“Being as close as possible to the needs of creators”: an interview of Julie Poureau from la Sacem and Chloé Nataf from Trempo
For its second season, the European training program Slash, produced by Trempo as part of the pilot program Music Moves Europe, co-financed by the European Union, also benefits from the support of Sacem. Julie Poureau, Director of the Cultural Engineering Office within the Cultural Action Department of Sacem, talks to Chloé Nataf, Head of Cultural Entrepreneurship and European Projects Coordinator at Trempo, about the reasons that led the French authors’ society to support this program.
Julie Poureau, why did Sacem decide to support Slash 2?
JP: Our interest in Slash 2 goes back two years ago. At the time, we were questioning the field of entrepreneurship, which is increasingly present in the music world. At the time, Sacem was conducting a study on this topic, which was also supported by the Ministry of Culture via the DGMIC (General Direction for Media and Cultural Industries). It was a theme that we had to tackle for our members. So we contacted Trempo, a beneficiary of the European Commission’s Music Moves Europe scheme. This opportunity came at the right time in our thinking.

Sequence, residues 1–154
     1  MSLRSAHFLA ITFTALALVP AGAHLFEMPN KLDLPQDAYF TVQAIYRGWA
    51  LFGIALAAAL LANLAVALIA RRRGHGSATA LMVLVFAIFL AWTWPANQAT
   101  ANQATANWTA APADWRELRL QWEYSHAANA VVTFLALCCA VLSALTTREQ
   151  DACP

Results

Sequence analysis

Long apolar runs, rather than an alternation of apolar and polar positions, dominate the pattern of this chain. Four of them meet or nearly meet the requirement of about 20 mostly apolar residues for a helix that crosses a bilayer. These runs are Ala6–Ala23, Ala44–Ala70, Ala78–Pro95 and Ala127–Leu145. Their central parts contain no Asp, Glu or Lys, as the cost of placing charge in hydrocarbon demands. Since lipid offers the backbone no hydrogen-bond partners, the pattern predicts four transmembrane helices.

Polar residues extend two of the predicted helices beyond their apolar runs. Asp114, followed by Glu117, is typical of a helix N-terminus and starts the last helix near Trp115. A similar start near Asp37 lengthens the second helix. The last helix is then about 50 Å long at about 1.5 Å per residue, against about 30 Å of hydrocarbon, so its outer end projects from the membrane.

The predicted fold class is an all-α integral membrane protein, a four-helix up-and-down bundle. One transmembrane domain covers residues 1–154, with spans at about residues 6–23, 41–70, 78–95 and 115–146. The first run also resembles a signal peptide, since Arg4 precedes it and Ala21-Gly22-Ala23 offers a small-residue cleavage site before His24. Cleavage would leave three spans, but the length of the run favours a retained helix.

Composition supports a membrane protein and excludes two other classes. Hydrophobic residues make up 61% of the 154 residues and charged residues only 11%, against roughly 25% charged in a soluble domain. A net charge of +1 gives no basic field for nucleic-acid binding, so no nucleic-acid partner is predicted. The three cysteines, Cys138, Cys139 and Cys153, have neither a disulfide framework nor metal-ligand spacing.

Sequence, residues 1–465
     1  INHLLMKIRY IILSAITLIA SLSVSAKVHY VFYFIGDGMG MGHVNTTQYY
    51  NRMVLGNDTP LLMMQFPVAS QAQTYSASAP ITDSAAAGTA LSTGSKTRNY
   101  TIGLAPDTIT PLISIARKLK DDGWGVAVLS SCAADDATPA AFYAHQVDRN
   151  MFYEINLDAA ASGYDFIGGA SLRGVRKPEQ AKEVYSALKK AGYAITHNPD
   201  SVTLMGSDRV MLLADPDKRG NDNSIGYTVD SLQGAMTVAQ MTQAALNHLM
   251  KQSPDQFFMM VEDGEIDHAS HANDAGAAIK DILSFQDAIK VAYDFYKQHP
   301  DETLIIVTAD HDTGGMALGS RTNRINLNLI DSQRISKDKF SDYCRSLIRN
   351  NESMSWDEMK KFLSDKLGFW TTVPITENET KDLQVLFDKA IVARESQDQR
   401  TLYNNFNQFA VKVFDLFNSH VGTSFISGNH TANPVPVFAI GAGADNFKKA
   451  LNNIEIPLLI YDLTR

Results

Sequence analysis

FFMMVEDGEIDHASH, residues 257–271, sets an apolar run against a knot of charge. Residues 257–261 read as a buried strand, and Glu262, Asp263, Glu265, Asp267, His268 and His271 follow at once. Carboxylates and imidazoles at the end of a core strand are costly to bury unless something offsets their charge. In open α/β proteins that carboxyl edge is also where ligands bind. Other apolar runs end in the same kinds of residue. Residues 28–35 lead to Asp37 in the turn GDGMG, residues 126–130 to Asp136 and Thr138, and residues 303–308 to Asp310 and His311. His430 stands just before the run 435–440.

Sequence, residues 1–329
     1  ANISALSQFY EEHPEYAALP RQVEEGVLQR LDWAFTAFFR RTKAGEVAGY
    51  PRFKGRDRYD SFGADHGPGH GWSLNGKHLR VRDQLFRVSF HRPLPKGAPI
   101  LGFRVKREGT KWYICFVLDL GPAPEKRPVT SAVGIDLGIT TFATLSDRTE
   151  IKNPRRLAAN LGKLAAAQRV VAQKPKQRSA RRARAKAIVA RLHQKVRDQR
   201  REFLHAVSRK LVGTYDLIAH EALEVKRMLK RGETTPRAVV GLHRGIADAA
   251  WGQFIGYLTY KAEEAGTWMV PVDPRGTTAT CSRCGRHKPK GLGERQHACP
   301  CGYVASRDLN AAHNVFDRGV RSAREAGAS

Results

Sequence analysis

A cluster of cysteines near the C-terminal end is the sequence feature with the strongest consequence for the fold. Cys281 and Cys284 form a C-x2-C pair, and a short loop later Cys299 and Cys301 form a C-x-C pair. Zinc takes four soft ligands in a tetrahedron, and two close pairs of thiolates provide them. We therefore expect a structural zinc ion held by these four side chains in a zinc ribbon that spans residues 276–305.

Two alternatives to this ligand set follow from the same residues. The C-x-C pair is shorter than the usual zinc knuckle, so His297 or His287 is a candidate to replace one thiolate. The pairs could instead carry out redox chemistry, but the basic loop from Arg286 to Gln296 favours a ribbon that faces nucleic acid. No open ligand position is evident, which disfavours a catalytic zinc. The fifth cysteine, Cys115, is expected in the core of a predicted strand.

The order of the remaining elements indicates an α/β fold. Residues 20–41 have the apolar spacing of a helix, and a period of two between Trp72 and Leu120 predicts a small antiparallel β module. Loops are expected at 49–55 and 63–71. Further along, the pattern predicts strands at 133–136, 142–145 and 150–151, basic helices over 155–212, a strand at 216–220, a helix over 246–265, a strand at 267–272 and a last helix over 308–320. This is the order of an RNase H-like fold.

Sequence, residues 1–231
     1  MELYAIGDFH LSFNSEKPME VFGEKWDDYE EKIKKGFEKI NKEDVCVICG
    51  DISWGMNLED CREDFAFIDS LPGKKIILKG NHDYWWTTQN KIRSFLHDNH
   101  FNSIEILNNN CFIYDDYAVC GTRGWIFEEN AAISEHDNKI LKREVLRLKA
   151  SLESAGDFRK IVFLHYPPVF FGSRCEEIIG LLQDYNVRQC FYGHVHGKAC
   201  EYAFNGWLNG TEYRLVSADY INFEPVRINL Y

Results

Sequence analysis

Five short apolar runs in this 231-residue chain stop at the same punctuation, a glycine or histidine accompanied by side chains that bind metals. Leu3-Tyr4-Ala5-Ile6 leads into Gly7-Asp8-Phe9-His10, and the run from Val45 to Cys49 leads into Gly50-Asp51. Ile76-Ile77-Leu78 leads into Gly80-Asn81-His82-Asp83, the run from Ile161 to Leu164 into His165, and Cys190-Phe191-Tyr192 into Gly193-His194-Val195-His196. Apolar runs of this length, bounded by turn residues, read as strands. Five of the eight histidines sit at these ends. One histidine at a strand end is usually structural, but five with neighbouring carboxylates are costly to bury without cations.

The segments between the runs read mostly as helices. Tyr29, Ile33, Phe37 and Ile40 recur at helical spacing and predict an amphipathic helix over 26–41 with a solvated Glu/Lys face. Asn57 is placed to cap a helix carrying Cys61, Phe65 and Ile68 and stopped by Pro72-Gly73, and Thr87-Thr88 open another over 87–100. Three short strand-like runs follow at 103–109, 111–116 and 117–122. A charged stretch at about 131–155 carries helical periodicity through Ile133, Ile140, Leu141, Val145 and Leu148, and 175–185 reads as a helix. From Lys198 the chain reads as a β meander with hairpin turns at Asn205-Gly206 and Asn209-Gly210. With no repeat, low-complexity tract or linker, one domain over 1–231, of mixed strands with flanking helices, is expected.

Chloé Nataf, why did Trempo talk to Sacem?
CN: There was a desire to move in the same direction. At MaMA 2019, we presented our different missions and discussed participatory financing in particular. Then we talked about entrepreneurship and mentioned a project to support artists. We felt that there was a common desire then.. For Trempo, registering the support of the Sacem allowed us to diversify our sources of financing. It showed our ability to innovate in our search for funding. And Sacem is a network of experts, a slightly different perspective… We were interested to benefit from this support. We had not yet worked on the optimisation of patrimonial rights. Sacem was therefore the ideal partner.
Why is Sacem, the French authors’ society, involved in a European programme?